My group develops algorithms for a diverse set of problems in computational molecular biology. We are particularly interested in predicting specificity in protein interactions and uncovering how molecular interactions and functions vary across context, organisms and individuals. We leverage high-throughput biological datasets in order to develop data-driven algorithms for predicting protein interactions and specificity; for analyzing biological networks in order to uncover cellular organization, functioning, and pathways; for uncovering protein functions via sequences and structures; and for analyzing proteomics and sequencing data. An appreciation of protein structure guides much of our research.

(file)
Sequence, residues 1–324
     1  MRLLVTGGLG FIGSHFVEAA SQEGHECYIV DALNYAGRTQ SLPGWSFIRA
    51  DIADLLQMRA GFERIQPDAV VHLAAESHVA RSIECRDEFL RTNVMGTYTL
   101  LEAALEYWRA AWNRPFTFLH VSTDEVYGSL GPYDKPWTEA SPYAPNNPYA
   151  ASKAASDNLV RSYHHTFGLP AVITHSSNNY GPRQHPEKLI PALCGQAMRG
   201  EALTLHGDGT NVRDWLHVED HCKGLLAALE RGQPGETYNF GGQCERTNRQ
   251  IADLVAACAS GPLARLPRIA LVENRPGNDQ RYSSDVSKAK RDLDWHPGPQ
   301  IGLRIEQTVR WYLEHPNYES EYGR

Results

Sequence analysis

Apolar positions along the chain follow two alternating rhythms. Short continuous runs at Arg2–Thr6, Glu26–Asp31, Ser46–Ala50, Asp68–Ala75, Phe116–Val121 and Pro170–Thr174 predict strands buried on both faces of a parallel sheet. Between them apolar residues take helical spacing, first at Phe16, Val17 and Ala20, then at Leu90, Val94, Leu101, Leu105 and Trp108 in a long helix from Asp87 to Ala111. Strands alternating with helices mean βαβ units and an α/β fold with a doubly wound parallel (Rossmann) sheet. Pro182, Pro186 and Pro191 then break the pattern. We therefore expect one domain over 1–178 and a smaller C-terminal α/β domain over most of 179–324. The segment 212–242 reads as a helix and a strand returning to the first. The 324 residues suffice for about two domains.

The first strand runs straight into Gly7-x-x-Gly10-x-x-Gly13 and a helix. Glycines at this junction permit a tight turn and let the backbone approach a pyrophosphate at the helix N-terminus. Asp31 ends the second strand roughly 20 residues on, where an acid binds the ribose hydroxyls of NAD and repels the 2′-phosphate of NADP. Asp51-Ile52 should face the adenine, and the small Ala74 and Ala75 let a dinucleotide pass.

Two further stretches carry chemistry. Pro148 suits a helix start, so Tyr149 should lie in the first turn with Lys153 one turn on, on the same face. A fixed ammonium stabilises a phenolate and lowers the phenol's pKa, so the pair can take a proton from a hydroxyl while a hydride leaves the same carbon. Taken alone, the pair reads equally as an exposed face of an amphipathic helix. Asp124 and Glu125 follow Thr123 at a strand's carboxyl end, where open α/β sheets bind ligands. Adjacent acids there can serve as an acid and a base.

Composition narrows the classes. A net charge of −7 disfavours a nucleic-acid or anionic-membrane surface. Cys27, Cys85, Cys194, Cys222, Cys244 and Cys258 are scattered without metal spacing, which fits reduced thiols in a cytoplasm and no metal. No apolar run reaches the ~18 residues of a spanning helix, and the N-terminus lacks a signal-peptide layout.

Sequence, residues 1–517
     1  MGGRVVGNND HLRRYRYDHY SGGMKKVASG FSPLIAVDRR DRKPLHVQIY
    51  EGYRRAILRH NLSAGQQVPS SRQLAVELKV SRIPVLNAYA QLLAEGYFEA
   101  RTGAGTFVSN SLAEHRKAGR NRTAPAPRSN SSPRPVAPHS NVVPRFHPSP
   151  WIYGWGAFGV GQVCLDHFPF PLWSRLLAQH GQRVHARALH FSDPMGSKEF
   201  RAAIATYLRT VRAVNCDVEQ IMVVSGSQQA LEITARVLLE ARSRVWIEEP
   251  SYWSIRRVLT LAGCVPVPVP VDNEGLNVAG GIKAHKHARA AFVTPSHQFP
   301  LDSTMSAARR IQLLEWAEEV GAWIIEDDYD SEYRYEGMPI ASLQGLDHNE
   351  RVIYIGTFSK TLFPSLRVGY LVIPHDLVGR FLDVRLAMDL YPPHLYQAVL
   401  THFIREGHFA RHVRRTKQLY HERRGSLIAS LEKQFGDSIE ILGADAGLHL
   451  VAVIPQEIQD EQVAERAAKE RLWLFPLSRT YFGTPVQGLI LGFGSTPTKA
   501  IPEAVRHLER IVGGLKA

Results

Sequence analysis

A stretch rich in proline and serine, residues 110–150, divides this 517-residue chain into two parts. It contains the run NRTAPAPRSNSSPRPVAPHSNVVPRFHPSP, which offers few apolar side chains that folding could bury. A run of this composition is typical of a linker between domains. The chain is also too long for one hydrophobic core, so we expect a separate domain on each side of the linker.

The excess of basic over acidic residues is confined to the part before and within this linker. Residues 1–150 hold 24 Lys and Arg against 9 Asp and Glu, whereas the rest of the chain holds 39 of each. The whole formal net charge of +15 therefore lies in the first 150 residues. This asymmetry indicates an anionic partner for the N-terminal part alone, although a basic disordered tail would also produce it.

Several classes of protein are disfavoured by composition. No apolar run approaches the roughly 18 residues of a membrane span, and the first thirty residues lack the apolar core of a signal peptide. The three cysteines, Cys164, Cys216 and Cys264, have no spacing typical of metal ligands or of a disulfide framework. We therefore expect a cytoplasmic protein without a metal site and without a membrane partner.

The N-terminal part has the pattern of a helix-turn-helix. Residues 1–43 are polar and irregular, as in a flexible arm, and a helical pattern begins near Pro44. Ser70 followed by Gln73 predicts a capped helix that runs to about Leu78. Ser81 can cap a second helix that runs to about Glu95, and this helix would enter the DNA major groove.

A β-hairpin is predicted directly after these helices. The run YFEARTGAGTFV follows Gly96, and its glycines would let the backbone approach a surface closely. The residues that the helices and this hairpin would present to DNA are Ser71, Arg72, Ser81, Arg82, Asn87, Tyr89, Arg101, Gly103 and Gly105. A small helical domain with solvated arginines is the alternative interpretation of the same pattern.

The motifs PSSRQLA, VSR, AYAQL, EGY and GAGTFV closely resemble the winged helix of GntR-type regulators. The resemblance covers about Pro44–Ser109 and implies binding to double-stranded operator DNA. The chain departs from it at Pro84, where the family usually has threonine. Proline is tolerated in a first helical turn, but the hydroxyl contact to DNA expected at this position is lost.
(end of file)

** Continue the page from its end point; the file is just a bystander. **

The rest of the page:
Mona Singh is a professor of computer science and the Lewis Sigler Institute for Integrative Genomics. She joined Princeton in 1999 as an assistant professor, became an associate professor in 2006 and was named a full professor in 2011.
She received her Ph.D. in computer science from MIT in 1996 after earning her master’s and bachelor’s degrees from Harvard. Her research interests involve developing and applying computational techniques to problems in molecular biology, with a focus on developing algorithms for genome-level analysis of protein structure and protein-protein interactions. She has been a member of the editorial board of the International Journal of Bioinformatics Research and Applications since 2004. Among her awards are the Presidential Early Career Award for Scientists and Engineers (PECASE) in 2001, and the Rheinstein Junior Faculty Award, from Princeton’s School of Engineering and Applied Science in 2003.